Your bones are made to be hard and stable. They comprise the framework of the body, providing a foundation for every structure and system. Bones also make movement possible, and they are flexible to a very small extent.
However, when enough pressure is applied to a bone, it will break or fracture. Trauma from an acute injury, repeated stress over time, and diseases that make the bones weaker can all result in fractures. Incidentally, a “broken bone” and a “fracture” mean the same thing in the medical field.
Below, we review the different types of broken bones, including the shape and severity of the fracture.
Severity of Broken Bones
One thing most fractures have in common is the pain they cause. The severity of the fracture affects the level of pain you experience.
These are the main types of fractures in terms of how severe they are:
- Complete Fracture – The bone is clearly broken, fully through, into two or more pieces.
- Incomplete or Partial Fracture – There is a crack that does not reach across the entire width of the bone.
- Greenstick Fracture – Usually seen in children, this shows a break on one side and a bend or bow on the other side. It’s a type of partial fracture.
- Compound or Open Fracture– This occurs when the broken bone protrudes through the skin. It’s considered a complex injury because it affects more than just the bone, but also the skin and surrounding muscles and tissue.
Simple or Closed Fracture – This is another term for a partial or complete fracture that does not break the skin.
Positioning of Broken Bones
The following fracture types describe the position of the broken bone in the body:
- Comminuted– The bone is broken into more than two pieces.
- Nondisplaced– The fractured bone does not move out of place (a clean break).
- Displaced– The break has one or more fragments that are out of alignment with its natural location.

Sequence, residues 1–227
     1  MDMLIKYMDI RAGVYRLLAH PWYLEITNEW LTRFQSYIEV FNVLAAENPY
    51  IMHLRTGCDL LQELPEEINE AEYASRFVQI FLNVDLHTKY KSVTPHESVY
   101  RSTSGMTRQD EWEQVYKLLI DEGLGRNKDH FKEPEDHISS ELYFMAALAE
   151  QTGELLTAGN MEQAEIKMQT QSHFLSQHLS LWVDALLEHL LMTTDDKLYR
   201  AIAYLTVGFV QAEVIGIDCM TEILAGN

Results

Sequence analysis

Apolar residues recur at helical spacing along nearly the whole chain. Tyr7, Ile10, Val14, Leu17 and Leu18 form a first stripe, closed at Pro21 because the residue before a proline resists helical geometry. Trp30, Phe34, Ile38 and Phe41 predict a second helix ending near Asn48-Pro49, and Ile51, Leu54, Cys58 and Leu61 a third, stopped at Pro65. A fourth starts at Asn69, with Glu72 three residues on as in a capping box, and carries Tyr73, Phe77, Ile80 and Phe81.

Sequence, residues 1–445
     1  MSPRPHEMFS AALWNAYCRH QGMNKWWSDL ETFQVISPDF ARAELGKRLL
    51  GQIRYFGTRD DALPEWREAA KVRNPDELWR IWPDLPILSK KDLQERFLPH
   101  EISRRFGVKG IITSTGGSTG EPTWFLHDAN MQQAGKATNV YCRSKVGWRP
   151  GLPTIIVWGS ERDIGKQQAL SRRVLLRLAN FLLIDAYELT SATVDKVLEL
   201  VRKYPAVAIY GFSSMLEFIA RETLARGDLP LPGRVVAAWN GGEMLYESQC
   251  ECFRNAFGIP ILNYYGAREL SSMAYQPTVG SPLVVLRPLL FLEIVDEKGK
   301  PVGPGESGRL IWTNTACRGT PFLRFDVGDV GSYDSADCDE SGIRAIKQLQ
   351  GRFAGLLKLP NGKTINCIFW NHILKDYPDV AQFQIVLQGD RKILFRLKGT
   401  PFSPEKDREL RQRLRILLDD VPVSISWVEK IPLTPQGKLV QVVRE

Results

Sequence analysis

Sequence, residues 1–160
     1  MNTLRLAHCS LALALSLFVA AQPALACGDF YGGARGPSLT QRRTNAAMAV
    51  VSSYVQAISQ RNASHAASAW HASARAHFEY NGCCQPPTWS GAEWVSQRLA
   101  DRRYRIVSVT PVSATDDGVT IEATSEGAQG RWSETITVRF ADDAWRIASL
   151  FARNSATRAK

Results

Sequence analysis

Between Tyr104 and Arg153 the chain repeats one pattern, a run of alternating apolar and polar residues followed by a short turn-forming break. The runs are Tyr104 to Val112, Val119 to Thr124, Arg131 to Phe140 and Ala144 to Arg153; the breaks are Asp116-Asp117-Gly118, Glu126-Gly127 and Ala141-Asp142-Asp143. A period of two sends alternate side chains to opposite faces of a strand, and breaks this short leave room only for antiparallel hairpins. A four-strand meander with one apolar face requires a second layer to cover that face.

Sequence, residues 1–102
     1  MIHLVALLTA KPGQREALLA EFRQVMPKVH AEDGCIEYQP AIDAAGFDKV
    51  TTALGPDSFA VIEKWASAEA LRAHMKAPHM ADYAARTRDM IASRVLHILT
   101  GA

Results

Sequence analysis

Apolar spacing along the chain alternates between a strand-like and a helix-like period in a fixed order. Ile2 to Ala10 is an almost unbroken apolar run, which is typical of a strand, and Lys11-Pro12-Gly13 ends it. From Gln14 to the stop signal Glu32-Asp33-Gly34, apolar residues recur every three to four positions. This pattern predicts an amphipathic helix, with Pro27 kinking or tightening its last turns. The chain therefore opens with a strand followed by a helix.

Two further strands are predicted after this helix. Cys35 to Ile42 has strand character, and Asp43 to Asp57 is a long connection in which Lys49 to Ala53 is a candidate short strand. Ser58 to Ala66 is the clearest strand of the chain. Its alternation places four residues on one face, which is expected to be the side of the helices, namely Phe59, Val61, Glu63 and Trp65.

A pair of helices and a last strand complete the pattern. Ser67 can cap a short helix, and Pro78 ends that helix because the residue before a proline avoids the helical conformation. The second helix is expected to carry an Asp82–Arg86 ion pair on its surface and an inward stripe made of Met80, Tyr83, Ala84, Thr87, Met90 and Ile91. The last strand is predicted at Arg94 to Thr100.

- Segmental– There are multiple fractures in one bone that create one or more separate pieces in the middle, or “segments.”
- Angulated– A displaced fracture where the ends of the bone fragments are at an angle to each other.
- Overriding– A displaced fracture where the bone fragments overlap.
- Impacted– A complete, displaced fracture where one fragment is driven into (“impacting”) a second piece as a result of trauma.
Shapes of Bone Fractures
The fracture itself – as in the line across the bone that breaks it partially or into two or more pieces – also has terminology. Because the bones in the arms and legs are much longer than other bones in the body, these fractures can be described in several ways:
- Linear – The fracture is vertical, or parallel with the main part of the bone (the shaft).
- Transverse – A fracture that results in the fragment being approximately 90 degrees from the shaft.
- Oblique – A fracture that results in the fragment being approximately 45 degrees from the shaft.
- Spiral – A fracture whose line is curved, in a spiral-like pattern, instead of straight.
If you have a fracture, no matter what kind, an orthopedic specialist can provide a timely diagnosis and treatment for proper care right away.